On these pages you will find news on publications, events and projects regarding the Transjordan and Judah research of Benedikt Hensel (Theologische Fakultät, Universität Zürich).
The study of the Transjordanian regions and the kingdoms of Ammon, Moab and Edom during the Iron Age has experienced an upswing in recent years, with particularly high interest in its historical and archaeological aspects as well as its place within larger Near Eastern studies. Meanwhile, its importance for the fate of the Southern Levant in antiquity is becoming increasingly clear. Despite lying on the fringes of the Southern Levant, these kingdoms were rather influential polities; both the copper mining activities of Edom in the early stages of its nomadic tribal organization (at Timna and at Faynan) as well as the later international trade and economic systems proved rather impactful for the entire eastern Mediterranean. The Transjordanian regions of Moab, Ammon, and Edom stood alongside the Aramean kingdoms, the Phoenician city states, and the Southern Levantine coastal plain under the cultural influence of the Philistines as places of vital importance for their respective cultural contacts in the Iron Age until the Babylonian conquest of the sixth century BCE.
Beyond the many open questions concerning exact details in this context and in spite of the importance that the field has attributed to the Transjordanian regions for the Iron Age into the 6th century BCE, it is astonishing that scholarly interest in Moab, Ammon, and Edom sharply halts at the loss of political independence in the 6th century (Ammon and Moab by Nebuchadnezzar II in 582/581 BCE and Edom under Nabonidus in 553/552 BCE) leading to an assumption of subsequent insignificance for the further historical developments in the Cisjordanian heartland. There is still no comprehensive historical description of these regions from the Babylonian period onwards, and this region and period regularly disappear from current depictions of the history of Israel.
This websites document my research as an multidisciplinary project that assumes the task of describing the fate of the regions in Transjordan (Ammon, Moab and Edom, including Idumea in the Western Arabah and the Jordan Valley) from the Babylonian period onwards and the military interventions that Babylon led in the area (6th century BCE) and the subsequent upheavals in the Southern Levant up to the pre-Hasmonean period, as well as determining the complex process of interactions with the Cisjordanian heartland.
The history of Transjordan from the Babylonian period onwards is an absolute desideratum in research, lacking a coherent, concise depiction of the region. This period even regularly disappears from current depictions of the history of Israel. This is noteworthy considering that modern and recent research in this field has been able to highlight the significance of Edom, Moab, and Ammon for the Iron Age I and II (especially for transregional trade) in many excellent and detailed studies.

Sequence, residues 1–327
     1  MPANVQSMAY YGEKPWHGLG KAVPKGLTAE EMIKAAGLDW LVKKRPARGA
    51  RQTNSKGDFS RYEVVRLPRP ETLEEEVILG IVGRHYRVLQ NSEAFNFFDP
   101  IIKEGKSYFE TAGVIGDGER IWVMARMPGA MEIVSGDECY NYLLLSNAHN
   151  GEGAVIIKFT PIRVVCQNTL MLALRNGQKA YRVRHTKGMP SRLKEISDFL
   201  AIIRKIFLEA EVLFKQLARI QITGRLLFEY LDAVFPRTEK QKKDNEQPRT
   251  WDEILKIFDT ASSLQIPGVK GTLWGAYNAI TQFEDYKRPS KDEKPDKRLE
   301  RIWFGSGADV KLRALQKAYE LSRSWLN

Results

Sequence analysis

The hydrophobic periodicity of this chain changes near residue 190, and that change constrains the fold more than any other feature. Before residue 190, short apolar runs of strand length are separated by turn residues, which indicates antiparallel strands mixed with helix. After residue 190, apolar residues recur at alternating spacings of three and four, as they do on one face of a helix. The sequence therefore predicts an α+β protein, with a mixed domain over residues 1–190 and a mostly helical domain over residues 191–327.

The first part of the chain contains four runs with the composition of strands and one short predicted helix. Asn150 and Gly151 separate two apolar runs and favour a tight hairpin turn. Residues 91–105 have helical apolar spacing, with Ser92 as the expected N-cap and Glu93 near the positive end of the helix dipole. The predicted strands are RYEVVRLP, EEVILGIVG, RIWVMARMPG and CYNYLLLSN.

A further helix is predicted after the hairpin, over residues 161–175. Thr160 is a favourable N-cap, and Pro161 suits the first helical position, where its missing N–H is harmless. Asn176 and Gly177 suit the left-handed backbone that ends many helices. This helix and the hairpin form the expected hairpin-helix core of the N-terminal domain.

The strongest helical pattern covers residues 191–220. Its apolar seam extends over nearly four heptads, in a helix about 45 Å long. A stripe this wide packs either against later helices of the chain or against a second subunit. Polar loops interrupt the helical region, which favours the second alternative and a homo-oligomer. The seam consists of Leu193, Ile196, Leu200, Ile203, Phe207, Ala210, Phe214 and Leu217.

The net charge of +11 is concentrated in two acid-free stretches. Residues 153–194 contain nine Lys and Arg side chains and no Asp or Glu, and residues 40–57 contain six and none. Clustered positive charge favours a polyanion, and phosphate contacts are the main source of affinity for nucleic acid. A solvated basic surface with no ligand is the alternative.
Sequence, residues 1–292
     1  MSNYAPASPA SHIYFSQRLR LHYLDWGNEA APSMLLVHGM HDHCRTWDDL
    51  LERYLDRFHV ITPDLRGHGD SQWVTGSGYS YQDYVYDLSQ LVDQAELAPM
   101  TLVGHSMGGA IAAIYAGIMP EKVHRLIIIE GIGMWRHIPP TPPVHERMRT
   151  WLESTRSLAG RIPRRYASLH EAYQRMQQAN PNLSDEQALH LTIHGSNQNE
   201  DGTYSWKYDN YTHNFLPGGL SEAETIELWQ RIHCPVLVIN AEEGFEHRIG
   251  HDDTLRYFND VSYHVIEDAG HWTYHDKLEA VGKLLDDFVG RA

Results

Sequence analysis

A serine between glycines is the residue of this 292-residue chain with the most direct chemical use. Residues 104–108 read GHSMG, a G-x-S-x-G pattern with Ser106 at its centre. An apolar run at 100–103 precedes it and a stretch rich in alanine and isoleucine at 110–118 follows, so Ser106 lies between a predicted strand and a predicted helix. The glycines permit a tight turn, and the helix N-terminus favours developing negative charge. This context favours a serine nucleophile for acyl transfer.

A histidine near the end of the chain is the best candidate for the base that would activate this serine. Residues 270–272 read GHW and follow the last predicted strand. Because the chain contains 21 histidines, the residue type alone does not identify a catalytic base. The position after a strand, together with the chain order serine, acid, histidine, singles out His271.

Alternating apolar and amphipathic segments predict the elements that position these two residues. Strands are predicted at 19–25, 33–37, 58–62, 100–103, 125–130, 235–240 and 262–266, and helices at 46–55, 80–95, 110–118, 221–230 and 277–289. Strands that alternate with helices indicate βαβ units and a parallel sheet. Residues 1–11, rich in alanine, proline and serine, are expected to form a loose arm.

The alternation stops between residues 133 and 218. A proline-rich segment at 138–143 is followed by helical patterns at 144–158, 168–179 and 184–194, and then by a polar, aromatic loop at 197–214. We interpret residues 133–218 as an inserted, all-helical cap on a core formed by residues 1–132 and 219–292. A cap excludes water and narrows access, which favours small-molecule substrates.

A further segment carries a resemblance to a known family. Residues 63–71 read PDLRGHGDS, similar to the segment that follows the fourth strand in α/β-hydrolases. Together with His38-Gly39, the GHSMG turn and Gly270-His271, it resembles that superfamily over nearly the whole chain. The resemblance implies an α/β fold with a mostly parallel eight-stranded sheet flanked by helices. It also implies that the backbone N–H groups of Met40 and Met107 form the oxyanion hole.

Transjordan did not disappear entirely. Overall, recent findings strongly suggest, that there was a significant decline in settlement history after the Babylonian interventions, but there was also continuity of settlement at several key sites in the Persian period, as well as a continuation of nomadic or semi-nomadic pastoralism that had been a characteristic of this landscape for centuries. Biblical research has also since identified the Persian period as a decisive phase for the formation of the Hebrew Bible and has become sensitized to possibility that specific texts that reference Transjordan may have stemmed from that time and do also depict or reflect contemporary “Transjordanian realities.” Particularly noteworthy is the evidence depicting Moab or Edom (generally negatively in this period) in a positive (!) manner and with a close and fruitful relationship to the biblical “Israel” of the Persian and Hellenistic periods (such as Gen 33*; Ruth 4; Deut 23)
Additionally, the field has increasingly realized in recent years (although unfortunately only within the context of fine details of findings or specific sites, and only sporadically) that the material culture indicates multifaceted interactions between Cisjordan and Transjordan between the 6th and 2nd centuries BCE. One thesis of this project is that—unlike what is suggested by the geographic designation “Transjordan” and is consistently presented in present research—the Jordan River as well as the Wadi Arabah did not represent a geographic, intellectual, or cultural divide. The Jordan River and the Wadi Arabah were a route and not a barrier, connecting Transjordan with the west. The description of these regions must also include its complex and complicated connections to the Southern Levant and to Judah.